Paul Boateng

Paul Boateng, Baron Boateng, was born to a Ghanaian father and Scottish mother in Hackney, London, 1951. At age four his family relocated to Ghana, where they stayed for 11 years.

After returning to Britain, Boateng finished school and became a barrister. He was most noted for his work against police brutality. When he was elected to the Greater London Council in 1981 he served as chairman of the police committee, as well as vice chair of the ethnic minorities committee.

In 1987 he was elected MP for Brent South. It was after his election that he said the words "Brent South today, Soweto tomorrow."

Two years later he started his career in the treasury as a junior spokesman. He was the first black party spokesman to join the front bench. Moving upwards, he became shadow minister for the Lord Chancellor's Department in 1992.

Boateng made further history in 1997 when he was appointed to Parliamentary Undersecretary of State for the Department of Health, becoming the first Black government minister. The following year he was promoted to Minister of State for the Home Office. During his time there he worked hard to bring down crime rates.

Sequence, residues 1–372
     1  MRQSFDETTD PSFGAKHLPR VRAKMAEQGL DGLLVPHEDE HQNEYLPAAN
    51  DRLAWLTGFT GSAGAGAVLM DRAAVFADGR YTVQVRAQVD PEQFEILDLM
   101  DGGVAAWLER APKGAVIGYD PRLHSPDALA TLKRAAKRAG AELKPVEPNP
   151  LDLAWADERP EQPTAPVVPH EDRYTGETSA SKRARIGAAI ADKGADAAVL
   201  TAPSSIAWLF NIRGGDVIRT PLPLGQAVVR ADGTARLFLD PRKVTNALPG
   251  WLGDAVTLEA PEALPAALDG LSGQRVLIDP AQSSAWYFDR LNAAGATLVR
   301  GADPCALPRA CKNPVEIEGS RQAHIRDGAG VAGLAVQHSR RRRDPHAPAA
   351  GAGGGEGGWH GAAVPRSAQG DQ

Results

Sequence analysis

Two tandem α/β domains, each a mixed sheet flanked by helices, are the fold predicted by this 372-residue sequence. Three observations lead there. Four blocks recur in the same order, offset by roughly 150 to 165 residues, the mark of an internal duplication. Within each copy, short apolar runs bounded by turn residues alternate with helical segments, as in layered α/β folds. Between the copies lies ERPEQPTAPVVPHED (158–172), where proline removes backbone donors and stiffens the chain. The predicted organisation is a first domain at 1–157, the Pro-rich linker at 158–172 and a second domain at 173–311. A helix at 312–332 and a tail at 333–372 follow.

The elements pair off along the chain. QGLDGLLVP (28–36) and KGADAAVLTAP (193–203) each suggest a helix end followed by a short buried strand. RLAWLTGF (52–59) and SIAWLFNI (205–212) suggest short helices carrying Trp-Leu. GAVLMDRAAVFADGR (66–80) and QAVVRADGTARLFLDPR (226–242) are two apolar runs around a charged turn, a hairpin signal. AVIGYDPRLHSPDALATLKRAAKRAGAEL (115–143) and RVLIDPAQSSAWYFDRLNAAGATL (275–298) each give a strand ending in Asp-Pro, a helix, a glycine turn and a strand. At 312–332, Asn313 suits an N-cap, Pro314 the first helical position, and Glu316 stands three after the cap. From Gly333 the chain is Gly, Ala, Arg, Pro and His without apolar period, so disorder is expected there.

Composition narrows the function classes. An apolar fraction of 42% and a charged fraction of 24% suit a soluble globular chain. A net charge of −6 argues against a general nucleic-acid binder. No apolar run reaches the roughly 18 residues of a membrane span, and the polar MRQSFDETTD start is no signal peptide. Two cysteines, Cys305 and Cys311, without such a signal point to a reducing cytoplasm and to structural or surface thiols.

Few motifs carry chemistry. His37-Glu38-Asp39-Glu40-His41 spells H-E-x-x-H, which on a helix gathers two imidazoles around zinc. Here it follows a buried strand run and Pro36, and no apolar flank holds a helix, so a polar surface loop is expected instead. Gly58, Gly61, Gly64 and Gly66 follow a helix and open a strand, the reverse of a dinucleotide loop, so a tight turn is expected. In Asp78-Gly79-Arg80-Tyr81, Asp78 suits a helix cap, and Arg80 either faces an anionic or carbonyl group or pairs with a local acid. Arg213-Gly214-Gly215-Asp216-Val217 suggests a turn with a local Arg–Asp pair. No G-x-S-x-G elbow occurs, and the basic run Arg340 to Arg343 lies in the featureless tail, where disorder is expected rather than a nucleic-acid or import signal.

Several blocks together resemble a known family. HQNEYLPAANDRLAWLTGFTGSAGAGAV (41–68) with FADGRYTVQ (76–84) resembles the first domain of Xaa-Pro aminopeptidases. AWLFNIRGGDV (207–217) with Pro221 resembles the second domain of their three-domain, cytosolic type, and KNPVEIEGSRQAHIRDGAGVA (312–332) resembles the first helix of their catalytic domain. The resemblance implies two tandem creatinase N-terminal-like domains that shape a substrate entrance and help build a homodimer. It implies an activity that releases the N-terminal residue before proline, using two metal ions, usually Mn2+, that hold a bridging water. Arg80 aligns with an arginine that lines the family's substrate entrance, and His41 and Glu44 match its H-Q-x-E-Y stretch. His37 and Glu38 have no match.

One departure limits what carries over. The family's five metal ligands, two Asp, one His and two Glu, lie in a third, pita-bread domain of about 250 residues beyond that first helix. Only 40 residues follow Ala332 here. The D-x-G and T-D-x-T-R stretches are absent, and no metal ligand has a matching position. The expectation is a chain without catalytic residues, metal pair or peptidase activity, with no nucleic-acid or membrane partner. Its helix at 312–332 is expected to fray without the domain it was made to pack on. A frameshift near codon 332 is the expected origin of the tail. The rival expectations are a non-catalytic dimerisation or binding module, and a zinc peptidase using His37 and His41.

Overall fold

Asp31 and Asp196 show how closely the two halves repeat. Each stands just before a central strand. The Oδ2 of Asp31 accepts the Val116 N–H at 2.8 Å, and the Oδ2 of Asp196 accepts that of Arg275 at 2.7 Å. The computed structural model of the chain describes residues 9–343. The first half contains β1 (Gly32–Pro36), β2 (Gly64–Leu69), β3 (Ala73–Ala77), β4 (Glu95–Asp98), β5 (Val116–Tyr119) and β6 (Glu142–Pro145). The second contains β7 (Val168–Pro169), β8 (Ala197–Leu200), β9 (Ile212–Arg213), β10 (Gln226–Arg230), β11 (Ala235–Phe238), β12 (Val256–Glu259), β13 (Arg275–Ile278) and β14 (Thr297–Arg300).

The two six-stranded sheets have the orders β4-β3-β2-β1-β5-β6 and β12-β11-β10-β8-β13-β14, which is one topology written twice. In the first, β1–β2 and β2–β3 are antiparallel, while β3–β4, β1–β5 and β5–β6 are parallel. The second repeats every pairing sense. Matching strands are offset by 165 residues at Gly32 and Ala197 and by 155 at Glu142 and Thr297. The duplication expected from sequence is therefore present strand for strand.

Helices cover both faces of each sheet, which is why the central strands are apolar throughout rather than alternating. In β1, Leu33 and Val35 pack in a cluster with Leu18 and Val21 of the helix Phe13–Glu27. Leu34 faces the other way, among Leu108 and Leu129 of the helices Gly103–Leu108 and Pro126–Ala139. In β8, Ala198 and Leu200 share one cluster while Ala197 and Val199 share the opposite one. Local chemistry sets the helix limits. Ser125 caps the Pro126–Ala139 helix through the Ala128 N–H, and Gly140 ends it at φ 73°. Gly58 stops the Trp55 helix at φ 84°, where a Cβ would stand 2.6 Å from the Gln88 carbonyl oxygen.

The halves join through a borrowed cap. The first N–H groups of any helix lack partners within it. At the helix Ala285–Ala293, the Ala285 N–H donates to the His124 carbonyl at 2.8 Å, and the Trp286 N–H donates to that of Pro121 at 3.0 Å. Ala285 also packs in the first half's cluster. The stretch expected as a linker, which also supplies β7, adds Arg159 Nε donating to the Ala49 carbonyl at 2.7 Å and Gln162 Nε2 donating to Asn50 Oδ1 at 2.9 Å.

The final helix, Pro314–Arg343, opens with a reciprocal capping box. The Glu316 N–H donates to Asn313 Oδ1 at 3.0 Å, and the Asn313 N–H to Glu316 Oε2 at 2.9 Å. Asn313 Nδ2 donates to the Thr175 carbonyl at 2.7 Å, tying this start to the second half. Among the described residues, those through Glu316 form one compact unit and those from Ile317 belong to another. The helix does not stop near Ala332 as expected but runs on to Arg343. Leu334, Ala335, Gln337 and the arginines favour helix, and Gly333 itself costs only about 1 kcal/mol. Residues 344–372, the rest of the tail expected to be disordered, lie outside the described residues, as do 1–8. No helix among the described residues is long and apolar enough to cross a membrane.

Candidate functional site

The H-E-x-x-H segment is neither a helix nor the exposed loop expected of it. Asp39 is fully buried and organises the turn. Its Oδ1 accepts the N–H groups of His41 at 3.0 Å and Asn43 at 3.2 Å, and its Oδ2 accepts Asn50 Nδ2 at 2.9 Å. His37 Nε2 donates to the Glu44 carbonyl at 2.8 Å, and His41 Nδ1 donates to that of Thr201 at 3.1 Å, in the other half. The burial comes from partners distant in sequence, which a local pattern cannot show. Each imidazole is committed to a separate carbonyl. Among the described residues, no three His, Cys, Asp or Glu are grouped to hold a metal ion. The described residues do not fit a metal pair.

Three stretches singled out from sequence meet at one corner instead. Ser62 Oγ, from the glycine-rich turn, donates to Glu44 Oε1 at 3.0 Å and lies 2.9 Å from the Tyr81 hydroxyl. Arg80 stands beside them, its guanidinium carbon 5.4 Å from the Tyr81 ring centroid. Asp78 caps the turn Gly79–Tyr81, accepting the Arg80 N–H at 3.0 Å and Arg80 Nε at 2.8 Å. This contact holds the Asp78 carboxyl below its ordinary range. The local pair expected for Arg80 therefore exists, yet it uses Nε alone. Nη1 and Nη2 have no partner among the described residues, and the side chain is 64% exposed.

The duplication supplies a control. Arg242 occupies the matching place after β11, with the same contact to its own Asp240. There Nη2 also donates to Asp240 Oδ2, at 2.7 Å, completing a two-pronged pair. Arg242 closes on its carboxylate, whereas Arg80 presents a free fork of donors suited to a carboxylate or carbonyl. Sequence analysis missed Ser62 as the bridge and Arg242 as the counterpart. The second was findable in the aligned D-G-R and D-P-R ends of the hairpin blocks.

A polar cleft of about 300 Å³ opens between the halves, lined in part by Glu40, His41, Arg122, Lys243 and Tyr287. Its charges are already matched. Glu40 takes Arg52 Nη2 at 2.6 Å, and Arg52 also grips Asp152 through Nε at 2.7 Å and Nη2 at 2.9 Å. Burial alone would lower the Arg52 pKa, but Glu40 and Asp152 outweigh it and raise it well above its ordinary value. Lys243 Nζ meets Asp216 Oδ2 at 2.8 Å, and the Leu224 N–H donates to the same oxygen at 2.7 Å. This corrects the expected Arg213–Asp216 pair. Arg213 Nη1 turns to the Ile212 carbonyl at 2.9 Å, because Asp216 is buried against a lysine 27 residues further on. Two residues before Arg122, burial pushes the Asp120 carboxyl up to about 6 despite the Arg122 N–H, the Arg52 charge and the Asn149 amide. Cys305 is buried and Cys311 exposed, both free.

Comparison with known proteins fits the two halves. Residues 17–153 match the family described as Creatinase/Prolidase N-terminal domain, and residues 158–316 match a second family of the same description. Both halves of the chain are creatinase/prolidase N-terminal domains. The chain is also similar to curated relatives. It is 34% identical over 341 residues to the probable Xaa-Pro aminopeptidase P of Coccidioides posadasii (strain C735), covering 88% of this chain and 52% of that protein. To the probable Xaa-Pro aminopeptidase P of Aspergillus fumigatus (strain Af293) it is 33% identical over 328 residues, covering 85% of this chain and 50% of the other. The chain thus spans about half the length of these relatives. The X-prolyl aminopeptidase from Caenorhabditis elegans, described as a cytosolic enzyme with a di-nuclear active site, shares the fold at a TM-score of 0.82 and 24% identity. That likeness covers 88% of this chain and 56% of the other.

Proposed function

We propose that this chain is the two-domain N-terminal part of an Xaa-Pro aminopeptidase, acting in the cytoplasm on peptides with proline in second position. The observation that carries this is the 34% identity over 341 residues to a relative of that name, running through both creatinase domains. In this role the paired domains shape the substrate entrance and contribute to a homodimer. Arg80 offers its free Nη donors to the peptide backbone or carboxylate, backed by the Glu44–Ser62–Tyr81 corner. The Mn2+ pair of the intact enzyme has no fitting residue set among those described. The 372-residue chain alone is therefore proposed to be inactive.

As the first Minister for Young People, to which Boateng was appointed in 2000, he worked to improve the lives of the British youth. One of his goals was to encourage young people to be active citizens.

In 2001, he was made Financial Secretary to the Treasury. Boateng continued to make history as the first black cabinet minister when he was appointed Chief Secretary to the Treasury in 2002.

Boateng fulfilled the promise he made after being elected to parliament when in 2005 he was appointed by Tony Blair to be the High Commissioner to South Africa, the first black person to ever hold the position. He served there until 2009.

Boateng was introduced to the House of Lords in 2010. He is married and has four children.

Contact Details:

House of Lords

Tel: 020 7219 5353
Fax: 020 7219 5979